Kildare Councillors flouted the public interest and perhaps the law in approving the sale of Council land without including its additional actual value to the purchaser as a “ransom strip” – following a valuation by a former Fine Gael Councillor..
By Fiona McLoughlin Healy.
The role of Councillors in disposing of assets is an important one. It is a power vested in them by Section 183 of The Local Government Act.
The Council’s Chief Executive has the power to acquire land but only the Councillors, ie the elected members of the Council acting collectively, can approve the sale of publicly-owned land. Under Section 211 (2) of the 2000 Act, the disposal of publicly-owned land must be for “the best price reasonable obtainable”, and if it is not, the Housing Minister’s consent is required for the sale.
The disposal of publicly-owned land must be for “the best price reasonable obtainable”, and if it is not, the Housing Minister’s consent is required for the sale.
Just five of 31 Councillors present (and a total membership of 40) voted against the sale.
On Monday 30 November 2020, Kildare Councillors voted to dispose of 0.796 acres of publicly-owned land in Athgarvan to a private individual for the sum of €100,000. Just five of 31 Councillors present (and a total membership of 40) voted against the sale, and in substance in favour of my proposal that, as a result of concerns expressed, we adjourn the decision to dispose. Adjournment would have allowed for a second valuation to provide reassurance in relation to some of the issues I outline below.
The founder of Sherry Fitzgerald Reilly, the man who carried out the valuation is a former Fine Gael Councillor.
The founder of Sherry Fitzgerald Reilly, the man who carried out the valuation, is Sean Reilly, a former Fine Gael Councillor. Here’s his signature on the valuation:
Given the responsibility that rests with Councillors to obtain the best price reasonably obtainable, one would expect a certain level of due diligence in considering a disposal of state land. Having access to and being able to review the valuations that form the basis for the proposed sale price is, I would aver, a basic due diligence requirement.
Certainly as the schedule below shows a lot of money is spent annually by the Council on the services of estate agents and valuers.
But reviewing valuations has not been the practice in Kildare. At the previous full Council meeting in October 2020 I had again raised my concerns that, despite repeated requests and reassurances given, the Council Management were still failing to circulate valuation documents with Section 183 notices.
As a result, my colleagues and I were provided with a copy of the full valuation carried out by an auctioneer for and on behalf of the Council for the proposed disposal of .796 acres at Athgarvan, at the November 2020 meeting.
Two things struck me after reading the valuation document, the Council’s notice and the map circulated to Councillors in advance of the meeting.
First, although section 183 (v) requires that notices to elected members include “any covenant, conditions or agreements to have effect in connection with the disposal” ie for Councillors to be fully informed as to the piece of the jig-saw they are looking at, the explanation provided under that section left me unclear about why we were selling the land to the applicant. In fact I was more confused about why the land was being sold after reading the valuation and the Council’s notice.
The value of the piece of land being disposed of lay not in its intrinsic development value but in its value as the only access route to two developments that had been given planning permission a year earlier
Second, here is the valuation document with map.
It appeared to focus on the negatives as opposed to the benefits of the land and therefore read more like a valuation one might expect from a potential buyer, not from a seller. It highlighted for example that:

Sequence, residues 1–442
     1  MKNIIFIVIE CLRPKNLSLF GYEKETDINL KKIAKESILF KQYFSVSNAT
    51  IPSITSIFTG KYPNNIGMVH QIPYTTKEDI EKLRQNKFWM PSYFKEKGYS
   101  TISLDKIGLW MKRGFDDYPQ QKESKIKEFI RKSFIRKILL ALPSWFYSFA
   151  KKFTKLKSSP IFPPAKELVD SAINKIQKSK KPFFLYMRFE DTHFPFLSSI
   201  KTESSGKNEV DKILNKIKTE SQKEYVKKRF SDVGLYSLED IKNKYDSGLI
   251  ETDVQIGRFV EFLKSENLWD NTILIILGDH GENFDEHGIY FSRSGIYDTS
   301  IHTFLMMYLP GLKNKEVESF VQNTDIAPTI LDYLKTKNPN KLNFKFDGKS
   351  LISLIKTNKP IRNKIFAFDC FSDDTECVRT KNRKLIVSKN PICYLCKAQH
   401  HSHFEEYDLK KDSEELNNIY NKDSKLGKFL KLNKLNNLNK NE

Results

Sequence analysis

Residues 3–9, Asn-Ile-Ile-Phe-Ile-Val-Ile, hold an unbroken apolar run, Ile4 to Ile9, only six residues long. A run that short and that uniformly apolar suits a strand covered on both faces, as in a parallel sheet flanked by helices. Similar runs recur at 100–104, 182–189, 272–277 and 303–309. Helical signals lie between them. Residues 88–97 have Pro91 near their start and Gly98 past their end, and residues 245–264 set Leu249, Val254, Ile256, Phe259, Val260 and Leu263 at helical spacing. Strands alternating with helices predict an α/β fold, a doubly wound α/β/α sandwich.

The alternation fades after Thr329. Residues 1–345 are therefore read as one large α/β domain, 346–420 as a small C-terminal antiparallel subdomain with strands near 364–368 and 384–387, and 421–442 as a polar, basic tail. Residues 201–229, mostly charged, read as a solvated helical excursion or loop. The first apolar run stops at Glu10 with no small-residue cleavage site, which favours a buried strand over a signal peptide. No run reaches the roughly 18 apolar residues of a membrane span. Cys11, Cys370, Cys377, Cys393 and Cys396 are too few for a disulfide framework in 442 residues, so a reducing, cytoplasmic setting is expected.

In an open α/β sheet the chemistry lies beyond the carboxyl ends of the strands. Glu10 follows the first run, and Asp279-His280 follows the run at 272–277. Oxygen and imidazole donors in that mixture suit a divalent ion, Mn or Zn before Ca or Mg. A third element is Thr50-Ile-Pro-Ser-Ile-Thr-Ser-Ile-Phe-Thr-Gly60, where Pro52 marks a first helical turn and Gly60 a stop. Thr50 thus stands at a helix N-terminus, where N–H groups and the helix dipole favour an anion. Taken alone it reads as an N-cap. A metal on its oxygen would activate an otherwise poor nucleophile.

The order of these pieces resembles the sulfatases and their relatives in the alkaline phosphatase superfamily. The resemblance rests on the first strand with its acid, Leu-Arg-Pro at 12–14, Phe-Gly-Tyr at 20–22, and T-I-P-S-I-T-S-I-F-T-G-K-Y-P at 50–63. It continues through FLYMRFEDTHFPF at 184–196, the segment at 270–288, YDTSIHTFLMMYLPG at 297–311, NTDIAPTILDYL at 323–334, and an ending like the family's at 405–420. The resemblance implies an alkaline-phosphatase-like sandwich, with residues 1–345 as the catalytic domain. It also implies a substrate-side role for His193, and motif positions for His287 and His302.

“The majority of the land would be extremely difficult to develop as it is undulating and at different levels”.
And without clarifying the relevance and significance of planning permissions 19/117 and 19/118 it further added that the:
“Different levels etc of the land, planning ref 19/117 and 19/118, will make it very expensive to develop”.
This is just not the way things operate with valuations. Quite why an opinion had been offered on how difficult it would be to develop the land was perplexing particularly as it was clarified under “valuation assumptions, caveats and disclaimers” that “in undertaking the valuation we did not, unless otherwise stated; carry out a structural survey or test grounds for stability, bearing, capacity, presence of rock or other matters. Any comments in our report concerning the state of repair, structural condition, ground conditions etc are of a superficial nature only and may require to be verified by a building surveyor or structural engineer”.
Having read the document and the Council’s notice of disposal I proceeded to look up the two planning applications that had been referenced but whose relevance had certainly not been clearly articulated in either document.
It soon became apparent that the value of the piece of land being disposed of lay not in its intrinsic development value but in its value as the only access route to two developments that had been given planning permission a year earlier – one consisting of 90 units, the other of 14 units.
Neither development was shown on the map, issued to Councillors, that had accompanied the valuation. The full jigsaw had not been presented. The value of the adjoining developments not shown on the map, is crudely estimated to be anywhere in the range between €20 to €30 million. Thus, the piece of land being disposed of was a ‘Key Value’ site.
Extraordinarily, Kildare County Council had effectively asked the valuer to include the ransom-strip/key-site value but the valuer had not; and now Councillors were approving the deficient valuation.
The relevant case law for valuing what is termed a ‘Key Value Site’ or ‘Ransom Strip’ is Stokes vs Cambridge 1961 which determined that if a parcel of land was needed for access to develop adjacent property, its owner was entitled to up to one third of the resulting value of the developed property.